Drug-checking services with substance analyses help reduce the risks associated with drug use. A study commissioned by the FOPH shows that this service helps protect users from overdoses and adverse reactions to adulterants. The study also underlines the potential of drug checking for identifying vulnerable individuals at an early stage and for monitoring the drug market.
In cities such as Basel, Bern, Geneva or Zurich, small quantities of drugs can now be submitted anonymously to a counselling centre for analysis. Such tests are also offered in certain clubs or at festivals. The feedback from the substance analysis is incorporated in a professional counselling session with the person concerned. Each year around 4,000 samples are tested in Switzerland, mainly cocaine, MDMA/ecstasy and amphetamine. In over half of the cases, the tested sample posed an increased risk to the user.
Effective awareness raisingIn order to investigate the effects of these drug-checking services, the FOPH asked Interface and FHNW (the University of Applied Sciences Northwestern Switzerland) to carry out a study. The study shows that drug-checking services can raise the awareness of drug users concerning less risky drug use, even preventing fatalities in extreme cases. They can also enable the information to get to the harder-to-reach target group of occasional drug users.
Accordingly, nine out of ten individuals interviewed in connection with the study stated that they had used less of, or even stopped using, the tested drugs after receiving a substance warning. A quarter of those affected forwarded the warning to other people. The most important warnings are also disseminated online, notably on the website infodrog.ch, where they are seen by over 1,000 individuals a month in Switzerland.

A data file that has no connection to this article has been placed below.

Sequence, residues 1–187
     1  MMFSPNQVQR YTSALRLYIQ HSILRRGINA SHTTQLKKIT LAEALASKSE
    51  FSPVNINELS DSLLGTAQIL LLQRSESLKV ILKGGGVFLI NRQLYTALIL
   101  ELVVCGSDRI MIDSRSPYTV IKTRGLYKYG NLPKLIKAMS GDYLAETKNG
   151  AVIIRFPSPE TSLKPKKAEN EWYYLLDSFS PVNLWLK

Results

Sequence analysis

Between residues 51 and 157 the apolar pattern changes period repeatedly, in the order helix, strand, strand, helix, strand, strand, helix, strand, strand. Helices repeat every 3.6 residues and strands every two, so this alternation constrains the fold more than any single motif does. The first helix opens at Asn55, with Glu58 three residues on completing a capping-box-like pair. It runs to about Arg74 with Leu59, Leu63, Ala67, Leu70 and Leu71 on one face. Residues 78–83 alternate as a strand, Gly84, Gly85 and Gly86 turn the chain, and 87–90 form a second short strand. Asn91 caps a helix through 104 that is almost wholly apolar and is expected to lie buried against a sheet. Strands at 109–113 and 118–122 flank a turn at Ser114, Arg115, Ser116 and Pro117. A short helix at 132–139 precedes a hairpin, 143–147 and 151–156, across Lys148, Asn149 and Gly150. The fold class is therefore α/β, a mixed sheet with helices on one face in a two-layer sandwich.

Monitoring the drug marketThanks to the drug-checking services, moreover, vulnerable individuals can be identified at an early stage and referred to appropriate support agencies. Finally, a systematic analysis of the substance samples as part of the monitoring process can provide information about the drug market and reveal problematic developments. According to the study, these are all relevant functions that can be perfected and expanded in order to further improve the cost-benefit ratio of the service offering.
As early as the 1990s, Switzerland was one of the first countries to provide such services. Buyers do not usually know anything about the quality of drugs available on the black market. As a result, even those who use drugs occasionally are taking potentially fatal risks.